In practice we found that it does make a noticeable difference, as shown in the examples on the Image Quality page. You don't notice that the camera is actually doing anything different when Shake Reduction is turned on, just that you can use slower shutter speeds than normal and still take sharp photos. The K-50 also displays a blur icon in the viewfinder to warn you that camera-shake may occur, regardless of whether or not Shake Reduction is on.
If you've had a bad experience with DSLRs and dust in the past, then the K-50 offers a Dust Removal mechanism. This automatically shifts the low-pass filter located in front of the CMOS image sensor at very high speed, shaking the dust off the low-pass filter. If you do still notice any dust, there's a neat feature called Dust Alert which is designed to show exactly where the dust is on the image sensor. A vertically and laterally correct image of the sensor shot at f/16 is shown on the LCD screen, indicate exactly where any stubborn dust particles may be lurking. While this feature won't prevent dust from getting onto the sensor, it does provide a quick and easy way of checking for it. In addition Dust Removal can be set to activate whenever the camera is turned on, and you can also use the built-in Sensor Cleaning function to lift the mirror and clean the image sensor with a blower brush or third-party cleaning solution.
The Pentax K-50's High Dynamic Range (HDR) Capture option (only available for JPEGs) takes three images with different exposures, with 4 different strengths on offer, and then records a single image that combines the properly exposed parts of each one, expanding its dynamic range. It's important to always use a tripod to prevent camera shake from blurring the HDR image, and it doesn't work very well for moving subjects.
|Memory Card Slot||Battery Compartment|
Similar to Nikon's D-lighting, Sony's DRO, and Olympus' Shadow Adjustment Technology, Pentax's D-Range allows you to correct the highlights (On or Off) and/or the shadows (3 different levels) before taking a JPEG or RAW image. Although this option is always at your disposal, remember that it is meant to be used in strong, contrasty lighting at base ISO. The Pentax K-50 also has a multi exposure mode that allows you to combine between two and nine different JPEG or RAW images into a single photo.
Pentax's Custom Images, similar to Nikon's Picture Styles and Canon's Picture Controls, are preset combinations of different sharpness, contrast, saturation and colour tone settings. You can change the saturation, hue, high/low key, contrast and sharpness for each of the eleven options”. The Pentax K-50 additionally offers seven different Digital Filters, which allow you to quickly apply an artistic effect to a photo before taking it (JPEG images only). Note that applying the Digital Filters slows the camera down somewhat, as it has to process the image for a few seconds after it's taken. The K-50 can also be set to automatically compensate for both distortion and lateral chromatic aberration of any DA- and DFA-series lenses.
The rather innocuous-sounding AF Fine Adjustment custom function will be of particular interest to current Pentax owners. If you have a collection of older Pentax lenses and you've never been quite sure how accurate they focus when mounted on a DSLR, this is the function for you. Essentially it allows you to alter the focus of each Fine Adjustment option, then test again until perfect focus is achieved. With most other DSLR systems you'd have to send the camera and lens off for calibration (and maybe even have to pay for it), but with the K-50, you can calibrate all of your lenses in the comfort of your own home.
The start-up time of the Pentax K-50, from turning the camera on to being ready to take a photo, is very quick at around 1 second. Focusing is also quick and consistent in good light with the standard 18-55mm kit lens, with the 11 point SAFOX IXi+ AF system offering generous scene coverage and 9 cross-type sensors, and the camera happily achieves focus indoors and in low-light situations. Note that the 18-55mm lens has an annoyingly loud focusing mechanism though. The powerful AF Assist lamp can be used even if the built-in flash isn't raised, and there's a very handy peaking function that's great for manual focus users (although annoyingly it doesn't work for video as well as stills).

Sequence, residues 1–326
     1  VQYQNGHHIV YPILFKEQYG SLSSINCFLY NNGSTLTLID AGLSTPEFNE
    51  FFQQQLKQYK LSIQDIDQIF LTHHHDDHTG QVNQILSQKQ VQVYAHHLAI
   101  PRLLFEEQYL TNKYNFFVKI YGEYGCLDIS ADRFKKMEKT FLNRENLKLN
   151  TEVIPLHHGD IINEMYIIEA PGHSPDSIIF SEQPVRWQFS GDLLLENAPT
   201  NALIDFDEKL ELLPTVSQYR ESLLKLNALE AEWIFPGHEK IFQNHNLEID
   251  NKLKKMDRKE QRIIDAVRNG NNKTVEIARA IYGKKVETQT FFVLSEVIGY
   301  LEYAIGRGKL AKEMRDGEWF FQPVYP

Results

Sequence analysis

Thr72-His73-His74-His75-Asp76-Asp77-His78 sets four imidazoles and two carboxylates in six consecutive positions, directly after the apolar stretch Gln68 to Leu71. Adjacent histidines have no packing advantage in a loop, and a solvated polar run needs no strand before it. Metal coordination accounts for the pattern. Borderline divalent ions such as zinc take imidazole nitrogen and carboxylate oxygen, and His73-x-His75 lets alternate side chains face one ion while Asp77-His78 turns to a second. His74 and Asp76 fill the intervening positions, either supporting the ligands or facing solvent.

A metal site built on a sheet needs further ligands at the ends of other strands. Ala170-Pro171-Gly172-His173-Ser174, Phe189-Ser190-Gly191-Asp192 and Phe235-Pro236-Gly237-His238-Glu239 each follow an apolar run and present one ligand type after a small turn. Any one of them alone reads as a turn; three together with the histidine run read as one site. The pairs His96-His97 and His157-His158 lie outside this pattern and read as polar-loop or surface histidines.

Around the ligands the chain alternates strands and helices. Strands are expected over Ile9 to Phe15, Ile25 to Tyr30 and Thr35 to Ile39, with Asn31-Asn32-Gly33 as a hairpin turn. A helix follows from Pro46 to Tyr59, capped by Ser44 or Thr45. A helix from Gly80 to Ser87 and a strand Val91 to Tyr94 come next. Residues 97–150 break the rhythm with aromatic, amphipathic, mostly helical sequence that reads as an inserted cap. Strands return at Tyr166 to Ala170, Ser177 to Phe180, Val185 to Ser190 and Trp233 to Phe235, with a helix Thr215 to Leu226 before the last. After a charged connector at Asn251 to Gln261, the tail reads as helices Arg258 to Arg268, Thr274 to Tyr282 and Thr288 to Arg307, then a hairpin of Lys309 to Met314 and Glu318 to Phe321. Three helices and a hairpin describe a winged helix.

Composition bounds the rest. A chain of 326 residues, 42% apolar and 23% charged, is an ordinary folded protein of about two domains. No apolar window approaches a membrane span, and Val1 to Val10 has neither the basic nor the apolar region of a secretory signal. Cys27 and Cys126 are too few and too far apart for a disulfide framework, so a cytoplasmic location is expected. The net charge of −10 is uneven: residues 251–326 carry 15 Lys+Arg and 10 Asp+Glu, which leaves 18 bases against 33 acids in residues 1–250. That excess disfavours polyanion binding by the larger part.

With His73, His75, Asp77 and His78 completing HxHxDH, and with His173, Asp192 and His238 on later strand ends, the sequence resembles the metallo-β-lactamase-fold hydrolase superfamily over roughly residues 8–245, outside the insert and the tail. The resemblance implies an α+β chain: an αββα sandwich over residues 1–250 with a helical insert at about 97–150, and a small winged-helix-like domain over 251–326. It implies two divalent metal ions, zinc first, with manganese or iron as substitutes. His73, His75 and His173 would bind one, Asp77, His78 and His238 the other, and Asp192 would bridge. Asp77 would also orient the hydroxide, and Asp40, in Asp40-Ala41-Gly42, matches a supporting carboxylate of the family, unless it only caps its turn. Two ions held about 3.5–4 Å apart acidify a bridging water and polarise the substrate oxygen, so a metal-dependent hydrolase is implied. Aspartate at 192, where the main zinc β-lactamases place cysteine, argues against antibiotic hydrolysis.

It takes about 1 second to store a JPEG image at the highest quality setting with no discernible lockup between taking shots, allowing you to keep shooting as they are being recorded onto the memory card. For RAW images the Pentax K-50 takes about 2 seconds to store an image and again there is no lockup between shots. In the continuous shooting mode you can hold down the shutter button and take 6 shots per second for up to 30 JPEG or 8 RAW files. The camera does lock up for a few seconds once the maximum number of shots is reached, although you can continue to shoot continuously, just at a much slower rate.
Once you have captured a photo, the Pentax K-50 has a good range of options for playing, reviewing and managing your images. You can instantly scroll through the images that you have taken, view 9 thumbnails, zoom in and out up to a magnification of 16x, and see very detailed information about each image by pressing the Info button. You can also delete, rotate, resize, protect and crop an an image, view a slideshow and set various printing options. There are an expanded range of 19 digital effects available which can be applied to JPEGs plus a Custom option to create your own unique effect. The camera shows you a preview of what the effect will look like when applied, and the effect is applied to a copy of your image, thus preserving the original intact.
The Index option creates an index print from up to 36 images, Save as Manual WB sets the camera's Manual White Balance setting to the colour balance of the current image, and RAW Development converts a RAW file into a JPEG or TIFF with various conversion parameters available. Movie Editing lets you divide or extract segments from your movies. Importantly the Pentax K-50 offers a histogram after taking a photo which is a great help in evaluating the exposure, plus any areas that are over-exposed flash on and off in the LCD preview to show you want you should be compensating for with your next attempt. If you have never used a digital camera before, or you're upgrading from a more basic model, reading the comprehensive but relatively easy-to-follow manual before you start is a good idea. Thankfully Pentax have chosen to supply it in printed format, rather than as a PDF on a CD, so you can also carry it with you for easy reference.